Japanese Voyeurs worked the crowd up in preparation for a band I have been hearing a lot about in recent months but, until Monday, had not had the pleasure of seeing: Dinosaur Pile-Up. The Leeds three-piece, fronted by Matt Bigland (formerly of Mother Vulpine), did not disappoint. Like Japanese Voyeurs, Bigland and co rocked out some massive, muscular riffs. Meaty basslines; solid 4/4 beats heavy on the crash; chord progressions and riffs doused in distortion; and the disjointed and vaguely disconcerting vocal melodies of tracks such as My Rock ‘n’ Roll displayed an obvious nod to Nevermind-era Nirvana. Meanwhile there is a striking pop-sensibility in the high-tempo, up-beat, catchy, bass-driven freight train of a track Traynor, reminiscent of Q.O.T.S.A. and The Foo Fighters.

Dinosaur Pile-Up‘s flawless blast of Rock ‘n’ Roll induced a mini-moshpit in the packed venue, and left spectators exhausted, dripping with sweat, and minus a few audible frequencies. Perhaps the only downside was the omission of Love is a Boat and We’re Sinking, a favourite among fans.

Throw out your ‘Grunge Is Dead’ T-shirts. It was never funny… and check out:




6 Responses to “Dinosaur Pile-Up & Japanese Voyeurs – Live Review”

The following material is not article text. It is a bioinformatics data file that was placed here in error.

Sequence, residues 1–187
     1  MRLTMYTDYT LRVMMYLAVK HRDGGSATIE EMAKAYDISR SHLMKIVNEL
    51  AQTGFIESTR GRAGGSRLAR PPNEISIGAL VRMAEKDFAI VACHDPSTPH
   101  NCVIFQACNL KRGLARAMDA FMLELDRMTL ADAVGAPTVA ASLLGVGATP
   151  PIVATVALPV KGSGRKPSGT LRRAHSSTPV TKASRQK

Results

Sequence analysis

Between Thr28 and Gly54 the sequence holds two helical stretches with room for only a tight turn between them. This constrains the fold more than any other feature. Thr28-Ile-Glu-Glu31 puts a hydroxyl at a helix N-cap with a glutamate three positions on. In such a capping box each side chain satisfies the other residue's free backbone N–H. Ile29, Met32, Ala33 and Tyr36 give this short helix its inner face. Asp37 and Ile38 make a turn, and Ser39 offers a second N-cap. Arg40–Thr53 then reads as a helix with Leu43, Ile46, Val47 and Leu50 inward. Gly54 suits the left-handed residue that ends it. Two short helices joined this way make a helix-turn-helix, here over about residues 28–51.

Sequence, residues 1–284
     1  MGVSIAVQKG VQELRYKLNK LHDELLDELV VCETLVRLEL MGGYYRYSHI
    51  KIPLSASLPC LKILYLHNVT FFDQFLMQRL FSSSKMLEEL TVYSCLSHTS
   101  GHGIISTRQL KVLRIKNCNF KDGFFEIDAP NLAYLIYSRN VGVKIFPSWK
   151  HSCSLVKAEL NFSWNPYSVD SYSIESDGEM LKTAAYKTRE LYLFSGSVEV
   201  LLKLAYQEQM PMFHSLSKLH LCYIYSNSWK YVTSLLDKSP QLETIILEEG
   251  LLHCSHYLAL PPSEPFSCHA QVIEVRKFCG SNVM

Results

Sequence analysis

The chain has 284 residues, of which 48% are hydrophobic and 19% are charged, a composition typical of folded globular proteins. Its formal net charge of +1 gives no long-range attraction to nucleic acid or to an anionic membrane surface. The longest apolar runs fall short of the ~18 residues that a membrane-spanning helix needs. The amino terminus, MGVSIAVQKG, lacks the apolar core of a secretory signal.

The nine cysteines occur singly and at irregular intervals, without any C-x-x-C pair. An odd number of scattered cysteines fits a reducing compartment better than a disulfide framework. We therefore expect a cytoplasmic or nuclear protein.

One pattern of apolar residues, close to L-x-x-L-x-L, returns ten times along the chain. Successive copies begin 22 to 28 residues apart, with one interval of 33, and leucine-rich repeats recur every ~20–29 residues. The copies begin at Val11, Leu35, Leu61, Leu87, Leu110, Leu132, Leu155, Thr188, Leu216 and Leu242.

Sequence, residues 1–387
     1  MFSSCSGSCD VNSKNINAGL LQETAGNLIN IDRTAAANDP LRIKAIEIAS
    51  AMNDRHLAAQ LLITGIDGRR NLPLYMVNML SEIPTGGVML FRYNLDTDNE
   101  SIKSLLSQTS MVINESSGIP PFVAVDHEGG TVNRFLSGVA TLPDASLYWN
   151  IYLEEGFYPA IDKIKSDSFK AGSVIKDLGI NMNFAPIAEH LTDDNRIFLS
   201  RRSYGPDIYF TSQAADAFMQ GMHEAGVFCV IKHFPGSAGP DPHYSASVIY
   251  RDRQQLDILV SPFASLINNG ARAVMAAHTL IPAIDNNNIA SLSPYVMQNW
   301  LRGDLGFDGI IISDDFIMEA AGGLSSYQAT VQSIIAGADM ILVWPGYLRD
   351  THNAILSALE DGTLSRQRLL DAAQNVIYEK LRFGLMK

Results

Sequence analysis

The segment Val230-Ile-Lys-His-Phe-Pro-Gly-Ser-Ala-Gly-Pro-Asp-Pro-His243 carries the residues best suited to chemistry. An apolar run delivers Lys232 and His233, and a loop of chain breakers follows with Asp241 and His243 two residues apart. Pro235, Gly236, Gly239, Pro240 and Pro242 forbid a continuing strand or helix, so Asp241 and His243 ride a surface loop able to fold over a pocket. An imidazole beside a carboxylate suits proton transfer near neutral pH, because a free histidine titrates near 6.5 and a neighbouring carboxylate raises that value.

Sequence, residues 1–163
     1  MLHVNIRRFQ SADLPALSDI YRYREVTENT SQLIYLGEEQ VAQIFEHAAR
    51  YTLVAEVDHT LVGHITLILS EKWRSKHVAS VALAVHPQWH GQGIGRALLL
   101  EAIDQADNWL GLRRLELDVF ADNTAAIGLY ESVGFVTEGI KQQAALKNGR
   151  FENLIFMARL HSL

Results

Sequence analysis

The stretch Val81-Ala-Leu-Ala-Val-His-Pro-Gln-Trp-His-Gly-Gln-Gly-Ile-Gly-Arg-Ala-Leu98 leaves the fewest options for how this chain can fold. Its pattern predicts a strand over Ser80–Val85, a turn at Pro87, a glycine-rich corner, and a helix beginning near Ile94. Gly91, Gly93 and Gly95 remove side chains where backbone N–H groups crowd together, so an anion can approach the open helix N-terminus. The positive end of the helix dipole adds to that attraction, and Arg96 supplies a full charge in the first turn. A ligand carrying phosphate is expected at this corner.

1. Molly said

    For future reference her name is spelt ROMILY.

  2. james said

    I saw this gig, you must be friends with these bands or something.. DPU were alright, I’ve seen them before and this wasnt their best gig.. but your JV review is completely off, their frontwoman was awful. I couldn’t see how that was meant to be grunge. And what about Little Death, did they not play that night? They were worth more of a review than the other support.

    • Asher said

      As far as Little Death goes, I slipped out during the second slot to meet some friends and unfortunately missed their set.

      With JV I don’t blame you for not liking them, I’ve seen a few people mention Romily as ‘love her or hate her’. She definitely is like marmite. Personally, I think she has a great presence and confidence about her, and is a good performer. Her voice is unique, to say the least, and the angst-ridden-fragility in her voice is in keeping with the grunge feel. I was already a fan of this band and knew a few of the songs, which always helps, but I think in general they were well-received. Don’t you?

      I haven’t heard much about Little Death’s performance, how was it?

      Cheers for the comment,

  3. james said

    Yeah Little Death were pretty good, it was the first time I’d seen them live and I was pleasantly suprised. Still not sure about JY. From where I was standing, there was an uneasiness on stage that made it difficult to watch. But each to their own opinion I guess. All of the bands that played that night seemed in early stages, so let’s just wish them luck in their progression and maturity!
    Thanks for the blog. (I work in music, so its always interesting to see another view).

  4. Asher said

    Yeh, I am particularly excited about DPU. Regardless of how well they performed that night I think they’ve got some really good tracks, and well produced too.

    Who do you work for?